Nolen also noted that it is very important for the IRS to launch a robust consumer education program. “Without such a program, we are concerned that those individuals who do not comply with current requirements will not comply with any new requirements, either. A key is to bring those individuals into the tax preparer system and the best way to do so is to ensure that they suffer significant financial harm if they willingly flout the law. If we fail to bring these preparers into the system, we will merely be trying to increase compliance by the compliant and this effort will have missed its mark.” And, “Taxpayers must also be educated, by a number of means, to understand that a paid preparer must sign a return.”

During his presentation Dolen explained that NSA had previously formed the Accreditation Council for Accountancy and Taxation (ACAT) to offer tax credentials. ACAT offers an “Accredited Tax Preparer” (ATP) credential “for practitioners to obtain thorough knowledge of the existing tax code and the preparation of individual, corporate and partnership tax returns”. I do believe that I have heard of this obscure credential, but I doubt if the public has. To be honest it carries very little, if any, current weight.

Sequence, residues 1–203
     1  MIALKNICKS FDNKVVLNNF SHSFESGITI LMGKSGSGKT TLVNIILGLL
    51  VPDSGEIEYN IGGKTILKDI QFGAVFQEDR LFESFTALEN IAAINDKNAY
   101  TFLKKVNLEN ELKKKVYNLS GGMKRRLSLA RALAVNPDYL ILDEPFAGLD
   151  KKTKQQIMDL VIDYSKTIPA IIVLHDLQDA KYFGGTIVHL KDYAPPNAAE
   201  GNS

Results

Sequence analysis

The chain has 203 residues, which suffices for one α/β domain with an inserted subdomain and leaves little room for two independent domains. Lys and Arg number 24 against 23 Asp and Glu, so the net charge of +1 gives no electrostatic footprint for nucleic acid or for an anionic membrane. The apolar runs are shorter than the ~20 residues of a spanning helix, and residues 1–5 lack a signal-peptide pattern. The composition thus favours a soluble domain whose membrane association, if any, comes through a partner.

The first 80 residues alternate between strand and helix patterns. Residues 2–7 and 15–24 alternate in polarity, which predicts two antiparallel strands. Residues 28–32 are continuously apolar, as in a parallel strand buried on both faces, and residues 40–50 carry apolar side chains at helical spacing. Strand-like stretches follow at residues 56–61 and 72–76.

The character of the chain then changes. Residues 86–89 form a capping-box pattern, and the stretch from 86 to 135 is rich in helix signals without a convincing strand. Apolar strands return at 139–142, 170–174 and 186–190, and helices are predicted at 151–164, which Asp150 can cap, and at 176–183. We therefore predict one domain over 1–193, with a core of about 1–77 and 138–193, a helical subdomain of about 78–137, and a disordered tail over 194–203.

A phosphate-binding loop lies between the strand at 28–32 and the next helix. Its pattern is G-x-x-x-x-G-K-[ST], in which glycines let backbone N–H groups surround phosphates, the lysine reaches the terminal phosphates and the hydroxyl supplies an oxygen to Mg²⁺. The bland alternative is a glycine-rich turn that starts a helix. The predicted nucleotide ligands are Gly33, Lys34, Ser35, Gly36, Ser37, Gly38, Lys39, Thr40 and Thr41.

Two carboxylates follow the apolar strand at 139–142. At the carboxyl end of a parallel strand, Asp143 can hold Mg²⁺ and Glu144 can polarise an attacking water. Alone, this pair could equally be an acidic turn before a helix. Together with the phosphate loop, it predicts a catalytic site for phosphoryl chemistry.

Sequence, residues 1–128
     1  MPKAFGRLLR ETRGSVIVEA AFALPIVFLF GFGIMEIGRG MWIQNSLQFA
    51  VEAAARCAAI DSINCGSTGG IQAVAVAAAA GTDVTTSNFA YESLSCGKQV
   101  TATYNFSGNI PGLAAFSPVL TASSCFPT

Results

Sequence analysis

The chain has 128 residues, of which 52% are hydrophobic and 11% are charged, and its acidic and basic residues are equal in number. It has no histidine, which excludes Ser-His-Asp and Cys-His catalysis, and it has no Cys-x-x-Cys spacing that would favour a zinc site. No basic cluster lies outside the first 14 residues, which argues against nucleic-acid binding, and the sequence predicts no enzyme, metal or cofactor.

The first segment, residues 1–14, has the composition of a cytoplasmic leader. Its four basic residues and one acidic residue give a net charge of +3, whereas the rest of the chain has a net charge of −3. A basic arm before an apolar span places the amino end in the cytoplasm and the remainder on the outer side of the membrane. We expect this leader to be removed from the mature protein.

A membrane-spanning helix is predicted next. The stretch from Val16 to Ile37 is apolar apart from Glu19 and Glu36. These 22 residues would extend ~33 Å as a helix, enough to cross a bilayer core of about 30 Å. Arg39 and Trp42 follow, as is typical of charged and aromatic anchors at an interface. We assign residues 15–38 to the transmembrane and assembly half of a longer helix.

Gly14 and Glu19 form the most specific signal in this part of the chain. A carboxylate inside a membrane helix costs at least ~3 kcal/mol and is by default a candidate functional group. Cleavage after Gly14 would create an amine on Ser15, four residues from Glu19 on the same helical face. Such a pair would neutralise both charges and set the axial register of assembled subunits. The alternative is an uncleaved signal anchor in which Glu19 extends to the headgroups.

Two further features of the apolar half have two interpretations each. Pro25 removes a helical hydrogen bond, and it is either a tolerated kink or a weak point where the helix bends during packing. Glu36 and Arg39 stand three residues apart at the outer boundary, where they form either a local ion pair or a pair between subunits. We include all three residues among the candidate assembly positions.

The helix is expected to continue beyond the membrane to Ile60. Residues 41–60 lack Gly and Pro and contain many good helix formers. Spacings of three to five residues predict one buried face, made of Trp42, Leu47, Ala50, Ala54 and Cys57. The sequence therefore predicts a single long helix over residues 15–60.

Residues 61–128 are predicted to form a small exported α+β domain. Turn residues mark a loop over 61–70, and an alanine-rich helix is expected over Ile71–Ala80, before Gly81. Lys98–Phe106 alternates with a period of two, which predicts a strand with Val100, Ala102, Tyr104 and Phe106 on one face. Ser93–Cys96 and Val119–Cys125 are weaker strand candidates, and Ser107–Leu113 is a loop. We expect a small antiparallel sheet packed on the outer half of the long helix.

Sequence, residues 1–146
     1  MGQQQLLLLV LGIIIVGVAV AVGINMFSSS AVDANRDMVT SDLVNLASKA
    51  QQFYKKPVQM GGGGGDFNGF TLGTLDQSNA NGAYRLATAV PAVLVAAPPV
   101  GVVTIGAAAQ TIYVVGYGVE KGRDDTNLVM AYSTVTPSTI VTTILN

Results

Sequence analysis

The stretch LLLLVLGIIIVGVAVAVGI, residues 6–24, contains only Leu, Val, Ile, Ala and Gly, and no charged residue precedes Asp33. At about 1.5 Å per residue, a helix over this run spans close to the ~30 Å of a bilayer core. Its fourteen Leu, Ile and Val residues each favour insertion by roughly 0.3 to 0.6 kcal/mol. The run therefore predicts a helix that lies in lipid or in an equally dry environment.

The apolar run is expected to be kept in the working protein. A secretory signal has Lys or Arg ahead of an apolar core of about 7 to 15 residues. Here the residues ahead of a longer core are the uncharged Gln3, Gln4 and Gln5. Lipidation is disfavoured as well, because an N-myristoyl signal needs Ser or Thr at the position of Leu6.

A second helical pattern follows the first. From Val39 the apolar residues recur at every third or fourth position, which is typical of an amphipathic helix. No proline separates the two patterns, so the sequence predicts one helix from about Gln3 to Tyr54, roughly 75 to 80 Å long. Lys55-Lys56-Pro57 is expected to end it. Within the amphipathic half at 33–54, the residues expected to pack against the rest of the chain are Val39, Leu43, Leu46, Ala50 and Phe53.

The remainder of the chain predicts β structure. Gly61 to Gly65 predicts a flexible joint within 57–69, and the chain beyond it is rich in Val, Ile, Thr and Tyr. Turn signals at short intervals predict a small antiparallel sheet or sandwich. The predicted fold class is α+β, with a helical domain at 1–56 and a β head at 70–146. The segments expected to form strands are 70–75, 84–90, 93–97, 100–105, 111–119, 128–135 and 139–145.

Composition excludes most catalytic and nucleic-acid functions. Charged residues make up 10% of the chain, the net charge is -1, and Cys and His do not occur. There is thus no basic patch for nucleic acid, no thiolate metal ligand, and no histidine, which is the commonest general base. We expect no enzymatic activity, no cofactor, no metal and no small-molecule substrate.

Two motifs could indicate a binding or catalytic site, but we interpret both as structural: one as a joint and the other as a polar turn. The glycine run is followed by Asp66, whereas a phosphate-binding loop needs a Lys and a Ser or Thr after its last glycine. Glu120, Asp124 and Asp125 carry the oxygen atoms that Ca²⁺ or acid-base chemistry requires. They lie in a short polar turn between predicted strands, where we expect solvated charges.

Dolen has recommended exempting only those with appropriate ACAT tax credentials, state licensed Public Accountants and state licensed tax practitioners (currently only 2 states license tax preparers) from the initial proficiency test.

So NSA also favors registration and licensure with an initial proficiency test, with limited “grandfathering” for ACAT credentials and state licensed accountants and tax practitioners, and required CPE credits.

The National Society of Accountants has prepared a Model Bill on Tax Regulation. It appears from reading some of the bill that NSA would include those practitioners covered under Circular 230 (CPAs, attorneys, EAs, etc) in the overall practitioner registration process. The Circular 230 practitioners would be exempt from the initial proficiency test, but not the required CPE in taxation.

Click here to read the press release, here to download President Dolen’s complete presentation, and here to download the Model Bill on Tax Regulation.
to be continued . . .

1 comment: